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Let $x\geq 1, n\in N$ Show that $$ \prod_{i=1}^n(x+n-i)\geq x^{n+1} $$

I can see that the product is greater or equal to $x^n$, but I cannot understand where power $n+1$ is coming from.

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closed as off-topic by Martin R, Paul Frost, воитель, Javi, blub Aug 13 at 20:04

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    $\begingroup$ Doesn't the inequality fails for $n=1$? Are you sure the low index is $i=0$? $\endgroup$ – Pspl Aug 13 at 11:12
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    $\begingroup$ The LHS is a polynomial of degree $n$ in $x$, so this is wrong for any $n$ and sufficiently large $x$. $\endgroup$ – Martin R Aug 13 at 11:13
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I'm pretty sure you wanted to write $\prod_{i=0}^n(x+n-i)\geq x^{n+1}$, for all $x\geq 1$, $n\in \mathbb{N}$. Please note that your inequality fails if $n=1$. If that's the case, you can use induction:

If $n=1$ then

$$\begin{align*} \prod_{i=0}^n(x+n-i)&=\prod_{i=0}^1(x+1-i)\\ &=(x+1)x\\ &=x^2+x\\ &\geq x^2 \;\text{(because}\;x\geq 1 \text{)} \end{align*}$$

Suppose now there's a $p\in \mathbb{N}$ so $\prod_{i=0}^p(x+p-i)\geq x^{p+1}$. So, if $n=p+1$, then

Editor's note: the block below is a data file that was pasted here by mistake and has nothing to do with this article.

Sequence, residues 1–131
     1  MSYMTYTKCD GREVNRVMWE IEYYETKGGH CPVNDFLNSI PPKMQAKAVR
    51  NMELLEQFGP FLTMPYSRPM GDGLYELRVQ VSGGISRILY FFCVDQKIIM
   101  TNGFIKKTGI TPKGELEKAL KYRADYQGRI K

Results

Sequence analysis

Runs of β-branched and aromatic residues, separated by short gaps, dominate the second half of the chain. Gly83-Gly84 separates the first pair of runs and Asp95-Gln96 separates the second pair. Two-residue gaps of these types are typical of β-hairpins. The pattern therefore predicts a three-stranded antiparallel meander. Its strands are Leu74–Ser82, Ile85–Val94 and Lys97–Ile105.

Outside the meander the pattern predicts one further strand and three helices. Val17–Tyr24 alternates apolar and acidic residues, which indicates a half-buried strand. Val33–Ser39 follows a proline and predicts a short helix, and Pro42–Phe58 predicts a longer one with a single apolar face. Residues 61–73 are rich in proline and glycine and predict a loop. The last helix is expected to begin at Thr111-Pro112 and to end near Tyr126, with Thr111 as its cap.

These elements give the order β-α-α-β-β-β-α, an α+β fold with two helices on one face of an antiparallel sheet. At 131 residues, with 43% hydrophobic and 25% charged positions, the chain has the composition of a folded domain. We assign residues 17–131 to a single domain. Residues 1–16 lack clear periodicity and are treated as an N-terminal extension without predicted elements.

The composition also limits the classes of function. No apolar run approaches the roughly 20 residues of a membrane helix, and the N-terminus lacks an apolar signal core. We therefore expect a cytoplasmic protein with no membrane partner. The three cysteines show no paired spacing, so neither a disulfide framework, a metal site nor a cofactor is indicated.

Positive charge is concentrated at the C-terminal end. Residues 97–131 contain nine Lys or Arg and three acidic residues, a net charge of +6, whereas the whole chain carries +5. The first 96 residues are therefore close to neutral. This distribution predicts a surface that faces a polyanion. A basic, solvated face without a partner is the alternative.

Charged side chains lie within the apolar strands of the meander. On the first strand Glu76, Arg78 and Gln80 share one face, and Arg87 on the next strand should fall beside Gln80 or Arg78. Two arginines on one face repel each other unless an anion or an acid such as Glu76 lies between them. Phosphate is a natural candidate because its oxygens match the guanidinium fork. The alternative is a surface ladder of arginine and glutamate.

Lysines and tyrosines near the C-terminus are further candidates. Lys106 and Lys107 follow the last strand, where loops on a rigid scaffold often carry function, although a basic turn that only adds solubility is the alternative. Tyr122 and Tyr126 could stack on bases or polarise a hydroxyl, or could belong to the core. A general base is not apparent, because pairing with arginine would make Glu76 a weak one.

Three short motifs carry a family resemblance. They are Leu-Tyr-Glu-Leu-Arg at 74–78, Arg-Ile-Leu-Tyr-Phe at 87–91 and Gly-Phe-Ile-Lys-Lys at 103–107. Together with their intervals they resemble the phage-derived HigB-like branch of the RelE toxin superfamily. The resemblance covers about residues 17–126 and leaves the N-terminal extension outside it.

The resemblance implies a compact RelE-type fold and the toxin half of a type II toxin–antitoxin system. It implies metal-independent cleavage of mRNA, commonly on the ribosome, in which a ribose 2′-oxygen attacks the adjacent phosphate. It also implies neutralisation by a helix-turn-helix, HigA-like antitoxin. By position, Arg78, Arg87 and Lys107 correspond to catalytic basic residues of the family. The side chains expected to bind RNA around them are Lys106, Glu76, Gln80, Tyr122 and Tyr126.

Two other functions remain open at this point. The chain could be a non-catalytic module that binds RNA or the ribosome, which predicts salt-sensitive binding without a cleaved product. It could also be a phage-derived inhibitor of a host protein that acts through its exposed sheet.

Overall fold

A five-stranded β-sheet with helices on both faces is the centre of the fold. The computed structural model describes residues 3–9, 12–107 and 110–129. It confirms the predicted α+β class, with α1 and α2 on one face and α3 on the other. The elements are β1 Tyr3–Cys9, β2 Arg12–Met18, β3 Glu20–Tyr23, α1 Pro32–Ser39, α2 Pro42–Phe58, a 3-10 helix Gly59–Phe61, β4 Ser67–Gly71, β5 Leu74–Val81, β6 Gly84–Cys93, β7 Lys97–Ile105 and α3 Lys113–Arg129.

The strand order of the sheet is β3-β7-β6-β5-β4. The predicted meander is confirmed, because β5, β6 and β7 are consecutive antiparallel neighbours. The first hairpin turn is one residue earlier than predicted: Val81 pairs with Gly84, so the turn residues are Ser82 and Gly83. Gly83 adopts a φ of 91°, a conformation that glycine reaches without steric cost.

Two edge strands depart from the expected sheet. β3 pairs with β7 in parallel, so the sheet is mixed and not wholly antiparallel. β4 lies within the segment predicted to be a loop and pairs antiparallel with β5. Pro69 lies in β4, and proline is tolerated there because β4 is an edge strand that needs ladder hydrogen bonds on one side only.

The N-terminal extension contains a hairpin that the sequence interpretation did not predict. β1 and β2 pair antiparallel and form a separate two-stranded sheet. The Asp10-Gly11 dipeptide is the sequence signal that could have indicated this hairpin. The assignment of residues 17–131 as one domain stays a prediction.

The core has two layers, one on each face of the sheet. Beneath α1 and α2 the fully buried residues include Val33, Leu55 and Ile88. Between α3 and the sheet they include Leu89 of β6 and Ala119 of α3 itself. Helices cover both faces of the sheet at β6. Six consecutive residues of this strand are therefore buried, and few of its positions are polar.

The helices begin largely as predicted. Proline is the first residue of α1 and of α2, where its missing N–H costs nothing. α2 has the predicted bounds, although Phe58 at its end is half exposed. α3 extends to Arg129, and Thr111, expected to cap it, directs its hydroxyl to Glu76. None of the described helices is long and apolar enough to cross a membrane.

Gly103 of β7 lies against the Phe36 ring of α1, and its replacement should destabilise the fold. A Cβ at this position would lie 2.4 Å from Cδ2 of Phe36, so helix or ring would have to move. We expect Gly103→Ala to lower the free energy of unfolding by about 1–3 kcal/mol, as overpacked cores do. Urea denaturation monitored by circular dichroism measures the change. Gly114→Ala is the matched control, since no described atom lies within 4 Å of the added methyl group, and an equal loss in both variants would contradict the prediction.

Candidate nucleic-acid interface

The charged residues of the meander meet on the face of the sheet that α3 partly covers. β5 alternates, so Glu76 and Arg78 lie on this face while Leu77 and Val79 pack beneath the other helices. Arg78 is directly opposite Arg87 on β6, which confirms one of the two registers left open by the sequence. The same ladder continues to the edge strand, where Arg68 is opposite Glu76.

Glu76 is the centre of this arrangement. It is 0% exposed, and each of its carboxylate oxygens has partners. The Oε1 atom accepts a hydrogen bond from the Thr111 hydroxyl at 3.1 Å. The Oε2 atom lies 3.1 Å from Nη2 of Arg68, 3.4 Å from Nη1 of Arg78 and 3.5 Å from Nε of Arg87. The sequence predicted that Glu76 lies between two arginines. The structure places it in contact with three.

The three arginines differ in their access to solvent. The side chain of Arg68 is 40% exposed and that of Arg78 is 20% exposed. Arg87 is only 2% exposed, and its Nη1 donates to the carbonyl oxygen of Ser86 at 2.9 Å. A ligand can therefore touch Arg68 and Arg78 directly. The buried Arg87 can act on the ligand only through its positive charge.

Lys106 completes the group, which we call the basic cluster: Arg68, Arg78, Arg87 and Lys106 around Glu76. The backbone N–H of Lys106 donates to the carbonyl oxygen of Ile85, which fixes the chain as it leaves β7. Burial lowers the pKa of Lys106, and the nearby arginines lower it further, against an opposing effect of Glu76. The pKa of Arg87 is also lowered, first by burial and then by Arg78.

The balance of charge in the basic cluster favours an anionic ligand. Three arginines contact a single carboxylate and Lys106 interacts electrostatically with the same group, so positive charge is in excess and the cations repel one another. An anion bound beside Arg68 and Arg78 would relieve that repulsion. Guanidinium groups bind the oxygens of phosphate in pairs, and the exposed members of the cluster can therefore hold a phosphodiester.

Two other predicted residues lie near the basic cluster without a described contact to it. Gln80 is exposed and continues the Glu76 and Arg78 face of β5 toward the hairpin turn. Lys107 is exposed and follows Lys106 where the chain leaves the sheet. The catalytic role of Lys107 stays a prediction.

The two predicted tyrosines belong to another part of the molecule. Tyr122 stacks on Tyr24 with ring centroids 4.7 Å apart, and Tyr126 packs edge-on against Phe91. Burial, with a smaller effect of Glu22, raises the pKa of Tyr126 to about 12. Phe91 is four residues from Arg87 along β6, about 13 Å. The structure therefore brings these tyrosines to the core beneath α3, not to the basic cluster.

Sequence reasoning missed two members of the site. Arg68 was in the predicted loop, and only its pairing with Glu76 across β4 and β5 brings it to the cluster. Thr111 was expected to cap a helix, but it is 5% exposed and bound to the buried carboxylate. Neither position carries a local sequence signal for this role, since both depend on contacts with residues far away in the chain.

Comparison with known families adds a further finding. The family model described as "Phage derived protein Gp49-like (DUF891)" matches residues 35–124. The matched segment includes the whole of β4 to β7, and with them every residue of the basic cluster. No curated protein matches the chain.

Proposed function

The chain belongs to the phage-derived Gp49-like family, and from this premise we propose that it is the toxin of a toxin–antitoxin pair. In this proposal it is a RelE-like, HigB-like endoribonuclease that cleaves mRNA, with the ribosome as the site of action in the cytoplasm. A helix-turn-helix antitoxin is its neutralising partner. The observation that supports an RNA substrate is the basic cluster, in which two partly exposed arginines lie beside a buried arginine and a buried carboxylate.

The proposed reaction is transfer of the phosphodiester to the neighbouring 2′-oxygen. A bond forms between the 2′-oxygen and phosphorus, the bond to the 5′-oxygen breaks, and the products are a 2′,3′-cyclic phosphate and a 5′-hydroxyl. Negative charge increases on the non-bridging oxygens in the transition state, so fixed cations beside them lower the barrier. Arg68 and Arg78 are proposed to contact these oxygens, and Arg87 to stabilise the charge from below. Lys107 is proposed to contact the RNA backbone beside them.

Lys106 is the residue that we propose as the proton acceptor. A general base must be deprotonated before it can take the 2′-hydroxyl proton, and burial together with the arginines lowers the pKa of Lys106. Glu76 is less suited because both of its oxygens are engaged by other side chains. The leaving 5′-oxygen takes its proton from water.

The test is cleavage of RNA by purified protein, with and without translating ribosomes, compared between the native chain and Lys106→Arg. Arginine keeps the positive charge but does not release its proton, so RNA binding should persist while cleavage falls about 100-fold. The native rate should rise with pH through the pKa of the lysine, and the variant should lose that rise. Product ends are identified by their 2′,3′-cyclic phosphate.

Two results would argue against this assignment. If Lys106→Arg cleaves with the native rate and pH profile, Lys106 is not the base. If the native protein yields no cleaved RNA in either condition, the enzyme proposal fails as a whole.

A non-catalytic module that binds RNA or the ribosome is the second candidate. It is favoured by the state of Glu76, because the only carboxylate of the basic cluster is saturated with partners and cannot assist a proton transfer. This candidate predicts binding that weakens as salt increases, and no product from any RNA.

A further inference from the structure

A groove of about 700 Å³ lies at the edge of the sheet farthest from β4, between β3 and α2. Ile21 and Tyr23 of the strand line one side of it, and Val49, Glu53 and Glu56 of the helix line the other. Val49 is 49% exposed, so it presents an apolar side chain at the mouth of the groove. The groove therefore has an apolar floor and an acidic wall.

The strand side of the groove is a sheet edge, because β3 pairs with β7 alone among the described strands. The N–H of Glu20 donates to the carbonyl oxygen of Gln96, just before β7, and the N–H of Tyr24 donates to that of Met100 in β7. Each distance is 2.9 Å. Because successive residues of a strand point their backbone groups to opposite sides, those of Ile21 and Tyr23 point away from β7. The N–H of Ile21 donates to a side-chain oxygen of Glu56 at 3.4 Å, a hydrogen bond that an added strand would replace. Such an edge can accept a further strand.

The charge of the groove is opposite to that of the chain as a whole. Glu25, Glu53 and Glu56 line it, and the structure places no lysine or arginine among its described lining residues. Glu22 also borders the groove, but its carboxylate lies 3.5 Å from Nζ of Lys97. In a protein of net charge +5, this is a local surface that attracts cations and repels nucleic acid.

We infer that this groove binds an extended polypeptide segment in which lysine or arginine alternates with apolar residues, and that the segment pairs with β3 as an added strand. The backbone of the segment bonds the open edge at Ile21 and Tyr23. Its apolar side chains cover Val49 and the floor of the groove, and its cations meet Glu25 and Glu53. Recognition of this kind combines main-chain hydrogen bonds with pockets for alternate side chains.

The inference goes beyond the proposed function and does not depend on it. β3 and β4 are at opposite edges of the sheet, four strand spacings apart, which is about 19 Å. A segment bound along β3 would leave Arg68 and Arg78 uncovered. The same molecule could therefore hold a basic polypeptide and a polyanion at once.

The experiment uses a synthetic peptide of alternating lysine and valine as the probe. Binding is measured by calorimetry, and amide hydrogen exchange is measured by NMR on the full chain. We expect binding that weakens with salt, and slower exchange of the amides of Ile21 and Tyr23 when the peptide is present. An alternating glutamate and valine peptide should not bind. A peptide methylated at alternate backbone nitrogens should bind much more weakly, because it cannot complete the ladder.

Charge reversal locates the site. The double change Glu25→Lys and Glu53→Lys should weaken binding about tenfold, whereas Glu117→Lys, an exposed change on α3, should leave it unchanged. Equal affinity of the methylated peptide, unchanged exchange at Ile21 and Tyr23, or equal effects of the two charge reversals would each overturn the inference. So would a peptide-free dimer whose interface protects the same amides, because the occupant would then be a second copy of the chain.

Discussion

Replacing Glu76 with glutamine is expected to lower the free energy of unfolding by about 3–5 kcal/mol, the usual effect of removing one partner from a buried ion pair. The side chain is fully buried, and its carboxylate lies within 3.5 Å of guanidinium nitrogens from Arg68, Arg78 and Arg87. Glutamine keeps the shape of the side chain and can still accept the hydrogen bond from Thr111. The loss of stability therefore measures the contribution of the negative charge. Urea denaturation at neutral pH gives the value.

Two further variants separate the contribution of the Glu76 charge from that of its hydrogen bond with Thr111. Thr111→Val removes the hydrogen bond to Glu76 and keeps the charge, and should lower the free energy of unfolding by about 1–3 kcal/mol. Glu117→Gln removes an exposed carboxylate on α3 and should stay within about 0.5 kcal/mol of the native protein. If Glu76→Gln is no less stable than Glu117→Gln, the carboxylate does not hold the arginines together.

$$\begin{align*} \prod_{i=0}^n(x+n-i)&=\prod_{i=0}^{p+1}[x+(p+1)-i]\\ &=x\prod_{i=0}^p[x+(p+1)-i]\\ &\geq x\prod_{i=0}^p(x+p-i) \;\text{(because}\;x+(p+1)-i\geq x+p-i \text{)}\\ &\geq xx^{p+1} \;\text{(because of the hypotheses)}\\ &=x^{(p+1)+1}\\ &=x^{n+1}\\ \end{align*}$$

So, $\;\prod_{i=0}^n(x+n-i)\geq x^{n+1}$, for all $x\geq 1$, $n\in \mathbb{N}\;\;\;\;QED$

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  • $\begingroup$ This looks too complicated. Isn't it clear that $x+n-i \geq x$ for all $i$? $\endgroup$ – Kavi Rama Murthy Aug 13 at 12:10
  • $\begingroup$ @Kavi Rama Murthy, non the less is a valid method, right? But you're right. It is pretty clear that $x+n-i\geq x$. $\endgroup$ – Pspl Aug 13 at 12:15
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If the product starts with $i=0$ this is trivial. (If it starts with $i=1$ it is false). Just note that $x+n-i \geq x$ for each $i$ so the product is $\geq x^{n+1}$.

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